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How Privilege Plays A Role In America's Vaccine Hesitancy

AUDIE CORNISH, HOST:

For a moment there, some Americans were desperate enough to get the coronavirus vaccine that they were cutting the line. Now, some states are offering up everything from free beer to a million bucks to convince people to get vaccinated. And that's in large part because many who haven't yet are still hesitant about the vaccine. But with a new variant on the rise in many countries - Brazil, India still devastated by the virus - this pandemic is far from over. Dr. Junaid Nabi thinks that is a reality some vaccine-hesitant Americans just don't grasp. He's a physician and health systems researcher who wrote an op-ed for NPR about the kind of privilege of vaccine hesitancy.

Dr. Nabi joins me now.

JUNAID NABI: Thank you so much for having me.

CORNISH: So the thing you wrote about was about the privilege of vaccine hesitancy...

NABI: Right.

CORNISH: ...A sign of what you call extreme privilege. In what way?

NABI: Vaccine hesitancy, in the U.S. especially, is a very complicated issue. I don't think it's black and white. I know of the history that underserved and minority populations in this country have faced. But at the same time, I live in the U.S. right now, but I have a lot of family in India and a lot of countries in Africa, and what I see is that there is this large disparity in the attitudes. And what I noticed in the U.S. was this casual recklessness towards vaccinations. And it's been a little disturbing because in the U.S., there are health care facilities and, in general, there's a lot of support for getting vaccinations. To refuse getting vaccinations, that to me is a big privilege because this is not something that's available to people in other parts of the world. They are struggling to get vaccinations.

CORNISH: So the idea of hesitancy, that's sort of on the micro level. I want to talk about something - another trend you write about, which is vaccine nationalism. What's going on there? And how is that actually playing out?

NABI: So we noticed early on that when the conversation around development of vaccines and how they needed to be distributed, that was mostly concentrated in certain countries of the world. And what started happening is that rich countries, mostly in the West, they started hoarding vaccines, and they're not helping other countries in terms of raw materials or technology transfer. And what's instead happening is that there is this donation approach where, OK, we're going to distribute 500 million doses. But these will not be enough. We need almost 10 billion doses at the global level.

CORNISH: But can I stop here? - because, you know, President Biden announced that the U.S. will purchase, just like you said, and donate half a billion Pfizer doses and donate them to 92 countries. I mean, aren't those numbers showing that there's a little more effort? Or are you saying that donating is not as good as creating a scenario where countries can do this on their own?

NABI: So there's definitely effort, and I do think these actions are in the right direction. I just don't think they're enough because we need to understand that there's a lot of variants in circulation right now.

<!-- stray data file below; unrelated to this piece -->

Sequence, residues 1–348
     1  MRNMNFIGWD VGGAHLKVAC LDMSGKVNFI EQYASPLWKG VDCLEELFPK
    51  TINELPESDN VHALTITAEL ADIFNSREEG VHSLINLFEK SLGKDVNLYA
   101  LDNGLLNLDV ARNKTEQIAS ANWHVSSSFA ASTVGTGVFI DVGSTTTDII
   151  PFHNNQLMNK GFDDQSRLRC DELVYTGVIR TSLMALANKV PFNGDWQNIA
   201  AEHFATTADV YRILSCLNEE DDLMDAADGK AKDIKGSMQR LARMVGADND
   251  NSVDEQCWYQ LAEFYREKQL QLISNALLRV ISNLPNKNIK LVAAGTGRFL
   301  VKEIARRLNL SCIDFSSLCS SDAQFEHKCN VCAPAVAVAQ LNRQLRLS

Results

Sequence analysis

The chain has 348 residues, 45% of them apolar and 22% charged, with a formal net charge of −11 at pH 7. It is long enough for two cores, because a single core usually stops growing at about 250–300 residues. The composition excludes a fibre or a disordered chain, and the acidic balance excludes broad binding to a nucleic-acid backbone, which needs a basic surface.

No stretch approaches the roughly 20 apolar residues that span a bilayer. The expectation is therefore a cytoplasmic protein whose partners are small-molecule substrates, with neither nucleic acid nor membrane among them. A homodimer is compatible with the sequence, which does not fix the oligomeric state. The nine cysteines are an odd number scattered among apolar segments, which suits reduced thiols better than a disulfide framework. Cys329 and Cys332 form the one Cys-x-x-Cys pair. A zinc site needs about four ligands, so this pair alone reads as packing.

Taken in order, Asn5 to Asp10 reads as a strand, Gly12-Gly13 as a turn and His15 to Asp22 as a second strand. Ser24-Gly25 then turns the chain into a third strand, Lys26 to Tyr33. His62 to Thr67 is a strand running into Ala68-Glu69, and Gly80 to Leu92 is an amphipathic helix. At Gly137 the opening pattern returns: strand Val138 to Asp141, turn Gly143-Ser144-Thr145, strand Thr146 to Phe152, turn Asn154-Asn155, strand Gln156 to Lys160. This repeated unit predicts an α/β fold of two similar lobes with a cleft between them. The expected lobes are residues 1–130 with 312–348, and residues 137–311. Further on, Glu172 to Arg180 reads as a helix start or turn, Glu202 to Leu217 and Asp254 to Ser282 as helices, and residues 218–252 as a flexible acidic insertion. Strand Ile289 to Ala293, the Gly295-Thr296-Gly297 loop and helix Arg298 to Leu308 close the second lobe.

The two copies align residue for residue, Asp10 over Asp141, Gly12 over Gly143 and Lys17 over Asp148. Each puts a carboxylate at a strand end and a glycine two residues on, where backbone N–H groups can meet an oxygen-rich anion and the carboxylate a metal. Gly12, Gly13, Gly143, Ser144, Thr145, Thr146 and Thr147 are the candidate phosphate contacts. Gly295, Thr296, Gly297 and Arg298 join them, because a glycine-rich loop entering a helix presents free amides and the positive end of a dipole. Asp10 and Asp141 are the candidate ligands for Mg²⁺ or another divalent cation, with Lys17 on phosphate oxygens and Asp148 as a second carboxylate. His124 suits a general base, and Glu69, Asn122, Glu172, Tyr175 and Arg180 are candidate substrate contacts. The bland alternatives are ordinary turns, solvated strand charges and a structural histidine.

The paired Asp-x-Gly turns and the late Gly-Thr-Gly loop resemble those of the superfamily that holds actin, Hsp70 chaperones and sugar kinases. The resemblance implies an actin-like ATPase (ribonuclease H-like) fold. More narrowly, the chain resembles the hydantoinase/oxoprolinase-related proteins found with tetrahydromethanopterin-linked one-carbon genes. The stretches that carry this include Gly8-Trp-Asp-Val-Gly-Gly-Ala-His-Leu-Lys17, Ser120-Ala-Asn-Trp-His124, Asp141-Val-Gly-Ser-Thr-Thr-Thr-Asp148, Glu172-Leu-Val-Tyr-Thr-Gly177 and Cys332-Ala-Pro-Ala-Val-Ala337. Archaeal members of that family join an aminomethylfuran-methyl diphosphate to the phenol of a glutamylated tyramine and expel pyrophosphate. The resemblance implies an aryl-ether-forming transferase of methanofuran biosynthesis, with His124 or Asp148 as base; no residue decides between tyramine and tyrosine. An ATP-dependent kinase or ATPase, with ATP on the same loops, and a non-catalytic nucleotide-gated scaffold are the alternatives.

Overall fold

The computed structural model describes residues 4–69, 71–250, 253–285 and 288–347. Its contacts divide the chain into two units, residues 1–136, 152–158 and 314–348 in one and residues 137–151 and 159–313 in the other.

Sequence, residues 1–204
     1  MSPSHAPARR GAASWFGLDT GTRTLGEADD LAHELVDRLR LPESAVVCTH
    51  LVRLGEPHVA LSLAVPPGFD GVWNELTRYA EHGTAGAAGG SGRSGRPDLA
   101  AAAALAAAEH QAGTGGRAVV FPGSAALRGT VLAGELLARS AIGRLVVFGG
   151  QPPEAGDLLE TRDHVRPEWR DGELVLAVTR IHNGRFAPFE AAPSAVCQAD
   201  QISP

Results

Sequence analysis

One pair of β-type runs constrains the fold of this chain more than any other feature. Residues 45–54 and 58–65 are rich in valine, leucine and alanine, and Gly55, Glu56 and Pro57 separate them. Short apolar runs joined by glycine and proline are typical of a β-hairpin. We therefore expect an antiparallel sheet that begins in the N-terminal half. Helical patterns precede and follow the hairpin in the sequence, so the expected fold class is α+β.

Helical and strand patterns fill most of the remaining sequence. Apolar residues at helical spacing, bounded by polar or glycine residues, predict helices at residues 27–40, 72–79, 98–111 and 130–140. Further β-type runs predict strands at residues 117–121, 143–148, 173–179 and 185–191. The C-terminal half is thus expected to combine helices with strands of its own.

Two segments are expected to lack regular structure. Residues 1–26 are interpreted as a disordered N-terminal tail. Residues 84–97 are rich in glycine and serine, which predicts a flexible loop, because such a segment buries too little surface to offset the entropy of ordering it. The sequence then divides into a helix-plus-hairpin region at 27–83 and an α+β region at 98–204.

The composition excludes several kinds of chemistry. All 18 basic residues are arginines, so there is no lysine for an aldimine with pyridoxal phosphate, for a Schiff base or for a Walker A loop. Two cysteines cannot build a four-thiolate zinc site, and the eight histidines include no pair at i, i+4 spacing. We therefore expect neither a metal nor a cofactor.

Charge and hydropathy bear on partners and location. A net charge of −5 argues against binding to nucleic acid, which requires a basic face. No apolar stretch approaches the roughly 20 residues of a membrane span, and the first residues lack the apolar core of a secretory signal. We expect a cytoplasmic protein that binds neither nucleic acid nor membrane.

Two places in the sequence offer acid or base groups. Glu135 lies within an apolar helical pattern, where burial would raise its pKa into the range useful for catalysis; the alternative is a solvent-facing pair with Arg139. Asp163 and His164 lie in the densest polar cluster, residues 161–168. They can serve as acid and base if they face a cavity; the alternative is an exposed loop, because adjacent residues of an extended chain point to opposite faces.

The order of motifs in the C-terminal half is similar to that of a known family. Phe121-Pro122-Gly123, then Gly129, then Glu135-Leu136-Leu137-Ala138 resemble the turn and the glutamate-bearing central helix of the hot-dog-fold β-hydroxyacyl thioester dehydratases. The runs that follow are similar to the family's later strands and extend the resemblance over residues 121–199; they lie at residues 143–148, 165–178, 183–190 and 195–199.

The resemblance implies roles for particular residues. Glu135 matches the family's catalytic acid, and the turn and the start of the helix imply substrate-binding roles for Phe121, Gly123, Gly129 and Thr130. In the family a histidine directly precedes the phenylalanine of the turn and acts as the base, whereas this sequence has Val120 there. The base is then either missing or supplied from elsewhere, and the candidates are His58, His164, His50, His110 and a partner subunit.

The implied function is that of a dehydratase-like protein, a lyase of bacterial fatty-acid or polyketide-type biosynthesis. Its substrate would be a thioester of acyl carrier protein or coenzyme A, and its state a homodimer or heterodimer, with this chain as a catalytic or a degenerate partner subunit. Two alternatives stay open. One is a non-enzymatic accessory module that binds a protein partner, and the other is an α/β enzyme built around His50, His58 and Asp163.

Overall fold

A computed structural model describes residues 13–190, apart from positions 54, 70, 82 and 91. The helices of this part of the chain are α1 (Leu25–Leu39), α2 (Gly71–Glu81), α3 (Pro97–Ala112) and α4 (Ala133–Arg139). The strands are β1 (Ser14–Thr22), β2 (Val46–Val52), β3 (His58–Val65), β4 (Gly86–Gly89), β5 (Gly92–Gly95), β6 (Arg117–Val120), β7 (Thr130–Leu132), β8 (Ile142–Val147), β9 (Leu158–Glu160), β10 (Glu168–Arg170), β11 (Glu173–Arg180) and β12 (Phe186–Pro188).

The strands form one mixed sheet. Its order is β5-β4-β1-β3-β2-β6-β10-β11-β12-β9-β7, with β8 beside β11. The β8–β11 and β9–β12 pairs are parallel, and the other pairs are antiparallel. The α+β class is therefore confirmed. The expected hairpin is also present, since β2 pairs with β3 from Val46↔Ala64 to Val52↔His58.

CORNISH: Right, like the Delta variant.

NABI: Yes. And that's causing a lot of devastation. So we don't know all the dynamics around viral transmission, and that means that other countries need to have the capacity to build their own systems and build their own manufacturing units. And by just donating them once in a while, it's not an approach that is sustainable or fair.

CORNISH: In the end, what do you think that this chapter is revealing about global health and how particularly people in the U.S. see the issue of global health?

NABI: We know already if we look at Ebola response or what's happening in terms of tuberculosis or malaria in so many other countries. There has always been an attitude of this is not our problem. But even after more than a year of being in a pandemic, I see that the attitudes haven't changed that much. And a lot of people in developed countries think that these are problems in these other places. There is this notion of otherness, not an attitude of this is our problem. So that, to me, reveals what has been happening and why we haven't been able to control diseases such as malaria, tuberculosis or others, why there hasn't been enough investment - because a lot of them never reach Western, rich nations.

CORNISH: You say Americans can do something to alleviate the dire situation in a country like India, where most of your family is. And the number of vaccinated Indians is still under 5%. So fundamentally, are you implying that this is something that Americans can somehow help on an individual level?

NABI: Yes. At the individual level, I feel that if Americans were to participate fully in the vaccination programs and play a role not just for their own country, but this would also enable the U.S. government, for example, to worry a little less about the national response and start helping other countries more broadly. Because at some level, there is a concern - how are we going to control the spread if variants get spread too much or a certain vaccine doesn't work? So a lot of governments are worried about that. The more people participate in these programs, the more they alleviate that concern that we have a certain level of protection, where we can start thinking about other countries.

CORNISH: That was Dr. Junaid Nabi. He's a physician and health systems researcher at Harvard and the Aspen Institute.

Thank you for sharing with us.

NABI: Thank you so much for having me.

(SOUNDBITE OF MUSIC) Transcript provided by NPR, Copyright NPR.